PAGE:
'24' showrunner sets next project

Howard Gordon to co-write U.S. version of 'Prisoners'

"24" executive producer/showrunner Howard Gordon is going from trying to prevent a war to dealing with its consequences.

20th Century Fox TV, where Gordon is under an overall deal, has acquired rights to the Israeli format "Prisoners of War," which Gordon will co-write with "24" executive producer Alex Gansa and Gideon Raff; the latter created the original series for Keshet Broadcasting, whose recent launch in Israel has drawn a lot of attention.

The acquisition and Gordon's involvement underscore the growing popularity of Israeli formats, which have become a hot TV commodity in Hollywood and spawned two pilots this development season: Fox's "Traffic Light," also from 20th TV, and CBS' "The Quinn-Tuplets."

20th TV chairman Dana Walden said that after hearing Keshet's pitch for "POWs," it was an instant decision to take the format to "24's" Gordon and Gansa.

"The format is very smart and has all of the exciting elements that go into '24': an ongoing story, an incredible story engine and a very emotional situation," Walden said.

Featuring an all-star cast, the Israeli "POWs" tells the story of three soldiers who return home from 17 years in Syrian captivity and must readjust to life in Israel and reunite with their families.

Tentatively titled "Patriots," the American version will revolve around three U.S. soldiers presumed killed during the invasion of Iraq in 2003 who are found in a cave 10 years later.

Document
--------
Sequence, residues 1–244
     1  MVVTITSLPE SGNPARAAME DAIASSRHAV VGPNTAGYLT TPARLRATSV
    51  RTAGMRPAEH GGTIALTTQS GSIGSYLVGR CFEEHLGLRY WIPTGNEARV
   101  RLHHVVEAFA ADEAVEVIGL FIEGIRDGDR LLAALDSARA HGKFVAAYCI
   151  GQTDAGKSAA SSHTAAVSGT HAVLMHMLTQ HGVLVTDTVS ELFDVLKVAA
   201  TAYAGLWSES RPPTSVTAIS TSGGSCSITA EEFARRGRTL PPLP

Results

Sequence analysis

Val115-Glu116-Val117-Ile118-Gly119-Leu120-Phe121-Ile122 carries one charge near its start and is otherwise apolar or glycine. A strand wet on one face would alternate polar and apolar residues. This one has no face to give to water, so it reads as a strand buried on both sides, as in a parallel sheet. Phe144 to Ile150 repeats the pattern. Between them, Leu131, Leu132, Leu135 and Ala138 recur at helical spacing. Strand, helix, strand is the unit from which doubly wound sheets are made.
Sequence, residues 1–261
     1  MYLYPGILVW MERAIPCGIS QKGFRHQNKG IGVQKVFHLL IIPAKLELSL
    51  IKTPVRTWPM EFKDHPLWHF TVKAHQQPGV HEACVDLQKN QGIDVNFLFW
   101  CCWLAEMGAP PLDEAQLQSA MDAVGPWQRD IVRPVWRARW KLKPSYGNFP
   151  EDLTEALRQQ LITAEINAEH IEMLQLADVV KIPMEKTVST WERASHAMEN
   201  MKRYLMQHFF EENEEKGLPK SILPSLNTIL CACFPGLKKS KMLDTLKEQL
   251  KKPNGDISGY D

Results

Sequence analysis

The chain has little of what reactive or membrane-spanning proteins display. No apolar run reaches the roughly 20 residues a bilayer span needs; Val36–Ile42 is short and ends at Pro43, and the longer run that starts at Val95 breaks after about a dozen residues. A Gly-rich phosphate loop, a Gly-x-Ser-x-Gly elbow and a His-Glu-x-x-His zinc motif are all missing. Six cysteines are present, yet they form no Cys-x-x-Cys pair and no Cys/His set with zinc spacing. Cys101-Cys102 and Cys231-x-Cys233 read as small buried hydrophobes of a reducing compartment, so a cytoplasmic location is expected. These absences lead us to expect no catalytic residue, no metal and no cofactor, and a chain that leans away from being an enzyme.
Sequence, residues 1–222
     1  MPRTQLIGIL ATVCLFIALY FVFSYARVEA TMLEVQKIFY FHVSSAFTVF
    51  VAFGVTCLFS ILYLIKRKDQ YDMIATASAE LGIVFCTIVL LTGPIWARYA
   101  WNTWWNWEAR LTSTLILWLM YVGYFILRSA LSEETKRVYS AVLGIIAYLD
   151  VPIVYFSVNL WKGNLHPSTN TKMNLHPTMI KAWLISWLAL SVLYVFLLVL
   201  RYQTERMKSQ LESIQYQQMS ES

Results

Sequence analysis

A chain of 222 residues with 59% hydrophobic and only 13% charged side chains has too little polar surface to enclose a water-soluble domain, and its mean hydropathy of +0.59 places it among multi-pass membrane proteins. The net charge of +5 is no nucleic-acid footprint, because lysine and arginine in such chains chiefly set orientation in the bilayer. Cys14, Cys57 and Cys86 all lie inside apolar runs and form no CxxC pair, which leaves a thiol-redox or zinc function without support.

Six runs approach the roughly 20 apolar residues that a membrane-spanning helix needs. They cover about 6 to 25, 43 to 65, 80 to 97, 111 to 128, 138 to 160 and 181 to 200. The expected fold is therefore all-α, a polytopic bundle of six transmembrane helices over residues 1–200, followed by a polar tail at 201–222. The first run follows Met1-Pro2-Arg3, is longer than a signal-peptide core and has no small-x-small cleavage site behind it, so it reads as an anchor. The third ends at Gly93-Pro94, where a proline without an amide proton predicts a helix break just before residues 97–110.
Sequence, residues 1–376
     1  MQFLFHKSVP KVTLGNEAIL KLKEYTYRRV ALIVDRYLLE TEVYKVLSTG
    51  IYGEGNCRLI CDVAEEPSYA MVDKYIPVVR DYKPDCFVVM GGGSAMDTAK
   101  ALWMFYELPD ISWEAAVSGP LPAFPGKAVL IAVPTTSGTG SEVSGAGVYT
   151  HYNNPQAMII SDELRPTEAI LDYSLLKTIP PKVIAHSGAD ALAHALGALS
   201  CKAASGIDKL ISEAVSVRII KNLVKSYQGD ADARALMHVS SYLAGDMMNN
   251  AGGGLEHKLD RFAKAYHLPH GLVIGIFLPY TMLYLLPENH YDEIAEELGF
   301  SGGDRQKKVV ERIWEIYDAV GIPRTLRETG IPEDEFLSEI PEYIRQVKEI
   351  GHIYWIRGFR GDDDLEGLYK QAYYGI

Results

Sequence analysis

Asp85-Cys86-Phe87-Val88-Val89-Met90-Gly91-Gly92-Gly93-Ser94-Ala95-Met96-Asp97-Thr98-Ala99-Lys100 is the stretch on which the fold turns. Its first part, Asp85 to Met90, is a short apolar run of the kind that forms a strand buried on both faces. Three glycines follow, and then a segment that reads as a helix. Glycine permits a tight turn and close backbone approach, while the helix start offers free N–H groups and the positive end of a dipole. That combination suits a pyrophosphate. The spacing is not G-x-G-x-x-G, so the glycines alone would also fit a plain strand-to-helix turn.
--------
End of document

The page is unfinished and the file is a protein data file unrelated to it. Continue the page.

"They come home greeted as heroes, but they are traumatized by the treatment there, and their families have become collateral damage to their captivity," said Gordon, who exec produces the project with Gansa, Gideon and Keshet's Avi Nir.

There will be some mystery about what happened during their years in captivity and the possible threat one of the soldiers might present, Gordon said of the project, whose genre he describes as "suspense, psychological drama."

The U.S. version also will introduce a new character, a counterterrorism agent -- and no, his name won't be Jack Bauer.

Speaking of "24," despite the continuous drumbeat about the veteran real-time terrorist drama coming to an end, Gordon was surprisingly optimistic about the show's chances to return for a ninth season.

"Discussions are still being held; the book hasn't been closed," he said. "If there is '24' past Season 8," he added, "I will be part of that," though probably not as showrunner. He also said that star Kiefer Sutherland, who has no deal for the show beyond the current season, "is inclined to do another season if there is a good story."

The show is now in production of the final two episodes of Season 8 and Gordon is bearing down. "Every year of '24' has a strong thematic closure," he said.

Gordon, Gansa, Raff and Keshet are repped by WME.
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